First of all- you’ll survive without your phone. In fact, you’re going to love it. Trust me. (You should be more concerned about surviving the reverse culture shock of getting back home and having constant stimulation all over again. Let me know in the comments if you'd like a future blog on that..)
Should you get an international data plan? I’d say yes, because if you find yourself in an emergency in another country and you need to get ahold of your friends or the group you’re traveling with, you don’t want to have to find a shop with WiFi in order to use your phone. You definitely won’t regret getting international data, and if you don’t, you might end up in a situation where you wish you had it.
Just promise me this: don’t use it on call home!
Communication with home while you're at sea is tough. When you’re at sea, the only communication with home available to you is email (seamail actually) and buying minutes on the phone in your room. This makes it tempting to spend your time on land finding WiFi, Facetiming back home, catching up on social media, etc. But don't miss out on these amazing countries by focusing so much of your attention on communicating back home while you're there. Don't waste the time of your life trying to keep up with life back home.
My advice: give your friends and family at home a fair warning that you’ll be hard to reach, then you won’t feel so much pressure to keep up with them while you’re gone. Give them a call when you feel like it, like when you're waiting for the ship to depart the country, but don’t waste your time on land!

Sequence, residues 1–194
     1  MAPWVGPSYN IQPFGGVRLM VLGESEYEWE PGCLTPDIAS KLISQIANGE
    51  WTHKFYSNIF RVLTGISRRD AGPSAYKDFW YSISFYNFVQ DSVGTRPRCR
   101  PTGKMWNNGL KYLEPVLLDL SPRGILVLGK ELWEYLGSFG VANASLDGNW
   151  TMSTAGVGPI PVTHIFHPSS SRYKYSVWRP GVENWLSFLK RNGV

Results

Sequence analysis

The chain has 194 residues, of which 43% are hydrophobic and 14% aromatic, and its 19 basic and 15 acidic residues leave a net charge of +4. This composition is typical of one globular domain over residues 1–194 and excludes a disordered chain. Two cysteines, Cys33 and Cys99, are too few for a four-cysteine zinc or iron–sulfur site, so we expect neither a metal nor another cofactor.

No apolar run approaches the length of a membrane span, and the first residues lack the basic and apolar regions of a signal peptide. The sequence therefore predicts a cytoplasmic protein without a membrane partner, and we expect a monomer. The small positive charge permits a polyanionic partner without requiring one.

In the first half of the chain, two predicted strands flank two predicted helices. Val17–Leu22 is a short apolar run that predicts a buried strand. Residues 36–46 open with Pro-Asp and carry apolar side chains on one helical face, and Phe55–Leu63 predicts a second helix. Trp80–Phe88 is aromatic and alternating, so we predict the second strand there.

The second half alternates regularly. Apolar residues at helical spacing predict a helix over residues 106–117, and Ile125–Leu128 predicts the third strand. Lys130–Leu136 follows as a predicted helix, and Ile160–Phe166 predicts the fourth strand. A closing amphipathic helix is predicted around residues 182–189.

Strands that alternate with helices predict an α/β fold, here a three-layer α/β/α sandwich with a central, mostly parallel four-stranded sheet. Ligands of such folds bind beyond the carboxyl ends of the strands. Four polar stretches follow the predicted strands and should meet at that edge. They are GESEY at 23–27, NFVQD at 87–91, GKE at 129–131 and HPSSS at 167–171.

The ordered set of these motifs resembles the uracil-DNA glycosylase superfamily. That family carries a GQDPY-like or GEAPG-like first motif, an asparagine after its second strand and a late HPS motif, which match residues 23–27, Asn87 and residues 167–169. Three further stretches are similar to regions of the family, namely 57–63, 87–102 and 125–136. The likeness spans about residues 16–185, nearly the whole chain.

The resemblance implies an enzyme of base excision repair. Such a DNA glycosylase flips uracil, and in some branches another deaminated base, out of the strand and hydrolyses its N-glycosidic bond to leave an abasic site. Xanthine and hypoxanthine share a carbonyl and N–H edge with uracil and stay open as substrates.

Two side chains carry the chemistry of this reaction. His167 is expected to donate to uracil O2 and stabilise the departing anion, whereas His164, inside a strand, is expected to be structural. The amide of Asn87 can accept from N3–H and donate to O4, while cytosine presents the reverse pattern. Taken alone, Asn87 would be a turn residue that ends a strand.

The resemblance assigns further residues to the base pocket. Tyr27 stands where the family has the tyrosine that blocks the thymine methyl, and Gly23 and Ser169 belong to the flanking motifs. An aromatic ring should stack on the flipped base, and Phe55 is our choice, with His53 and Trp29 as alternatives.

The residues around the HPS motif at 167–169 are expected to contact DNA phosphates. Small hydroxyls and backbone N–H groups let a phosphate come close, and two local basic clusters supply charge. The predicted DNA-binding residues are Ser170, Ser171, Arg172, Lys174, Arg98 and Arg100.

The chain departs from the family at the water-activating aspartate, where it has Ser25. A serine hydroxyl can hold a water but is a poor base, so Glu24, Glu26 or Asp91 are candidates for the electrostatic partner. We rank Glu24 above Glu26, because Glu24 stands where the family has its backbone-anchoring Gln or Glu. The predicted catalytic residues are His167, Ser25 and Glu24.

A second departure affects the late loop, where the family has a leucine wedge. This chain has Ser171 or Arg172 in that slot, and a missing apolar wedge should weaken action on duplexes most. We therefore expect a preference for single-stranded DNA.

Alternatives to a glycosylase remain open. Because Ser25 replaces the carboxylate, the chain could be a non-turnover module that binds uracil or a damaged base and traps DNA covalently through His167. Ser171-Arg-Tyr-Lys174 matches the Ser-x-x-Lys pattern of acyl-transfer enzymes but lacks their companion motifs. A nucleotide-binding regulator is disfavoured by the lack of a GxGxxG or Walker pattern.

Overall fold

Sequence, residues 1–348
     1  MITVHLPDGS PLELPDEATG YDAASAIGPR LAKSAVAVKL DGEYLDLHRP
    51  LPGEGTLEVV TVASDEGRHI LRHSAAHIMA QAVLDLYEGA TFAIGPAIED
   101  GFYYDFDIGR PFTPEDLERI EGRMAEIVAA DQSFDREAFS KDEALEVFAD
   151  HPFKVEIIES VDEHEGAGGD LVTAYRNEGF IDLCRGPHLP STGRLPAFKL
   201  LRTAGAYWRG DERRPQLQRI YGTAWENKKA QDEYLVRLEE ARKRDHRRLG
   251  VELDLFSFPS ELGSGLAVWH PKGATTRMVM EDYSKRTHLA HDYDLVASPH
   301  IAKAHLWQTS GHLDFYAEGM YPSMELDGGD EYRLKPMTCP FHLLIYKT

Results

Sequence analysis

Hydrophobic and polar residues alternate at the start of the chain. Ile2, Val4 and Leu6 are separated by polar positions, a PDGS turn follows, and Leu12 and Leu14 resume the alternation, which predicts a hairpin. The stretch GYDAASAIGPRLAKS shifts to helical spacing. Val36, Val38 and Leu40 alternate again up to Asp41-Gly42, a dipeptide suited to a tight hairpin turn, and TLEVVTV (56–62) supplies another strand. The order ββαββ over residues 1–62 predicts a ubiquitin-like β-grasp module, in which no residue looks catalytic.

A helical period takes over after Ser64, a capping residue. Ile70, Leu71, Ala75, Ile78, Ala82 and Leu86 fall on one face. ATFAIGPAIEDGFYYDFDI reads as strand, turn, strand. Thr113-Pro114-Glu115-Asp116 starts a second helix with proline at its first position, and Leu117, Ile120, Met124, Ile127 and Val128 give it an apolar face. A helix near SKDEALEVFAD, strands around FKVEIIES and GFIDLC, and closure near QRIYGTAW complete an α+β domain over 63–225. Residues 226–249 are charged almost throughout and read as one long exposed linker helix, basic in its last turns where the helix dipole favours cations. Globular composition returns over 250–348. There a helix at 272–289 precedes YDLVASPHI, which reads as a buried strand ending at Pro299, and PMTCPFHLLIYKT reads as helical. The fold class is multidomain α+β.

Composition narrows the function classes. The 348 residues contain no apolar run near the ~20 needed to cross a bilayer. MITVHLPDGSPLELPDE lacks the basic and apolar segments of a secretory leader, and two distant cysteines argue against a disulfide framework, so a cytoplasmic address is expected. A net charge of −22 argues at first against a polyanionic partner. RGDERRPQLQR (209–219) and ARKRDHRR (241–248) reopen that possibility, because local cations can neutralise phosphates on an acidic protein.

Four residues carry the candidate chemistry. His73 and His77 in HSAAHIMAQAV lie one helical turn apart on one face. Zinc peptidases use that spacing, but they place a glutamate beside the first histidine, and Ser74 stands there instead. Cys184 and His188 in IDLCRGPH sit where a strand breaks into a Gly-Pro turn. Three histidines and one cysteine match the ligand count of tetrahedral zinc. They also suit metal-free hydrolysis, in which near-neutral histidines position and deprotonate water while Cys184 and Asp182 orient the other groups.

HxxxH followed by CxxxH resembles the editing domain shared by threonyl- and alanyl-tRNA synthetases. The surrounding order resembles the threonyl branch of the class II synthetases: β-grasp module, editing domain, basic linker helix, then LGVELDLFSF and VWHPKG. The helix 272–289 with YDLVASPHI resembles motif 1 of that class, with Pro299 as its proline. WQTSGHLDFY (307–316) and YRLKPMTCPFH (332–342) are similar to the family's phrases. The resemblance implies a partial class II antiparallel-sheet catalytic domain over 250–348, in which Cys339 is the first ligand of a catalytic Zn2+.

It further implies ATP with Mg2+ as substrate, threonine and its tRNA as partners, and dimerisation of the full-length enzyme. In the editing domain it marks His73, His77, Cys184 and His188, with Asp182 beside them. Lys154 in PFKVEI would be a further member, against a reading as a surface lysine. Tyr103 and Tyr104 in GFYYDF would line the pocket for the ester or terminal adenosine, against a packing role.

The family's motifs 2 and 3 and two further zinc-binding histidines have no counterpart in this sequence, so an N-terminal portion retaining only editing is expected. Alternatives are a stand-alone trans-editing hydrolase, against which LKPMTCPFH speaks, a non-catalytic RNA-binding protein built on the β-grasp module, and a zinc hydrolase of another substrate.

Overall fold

Another recommendation: Buy some minutes on the phone in your room. I was paying for my whole SAS trip on my own (shout out to any of you doing the same! financial advice and tips for keeping the price of this trip down coming in the next blog, see below!), so I tried to be SUPER frugal and I resisted buying minutes on my phone for the first half of the voyage. However, half way through I caved and bought some time on my phone and I was so glad I did. Ship time is the time that feels loneliest and you get the most homesick, so it was really nice being able to call my mom and dad, even just for 5-10 minutes, from the ship. And that way, I wasn’t missing out on any of my time in countries.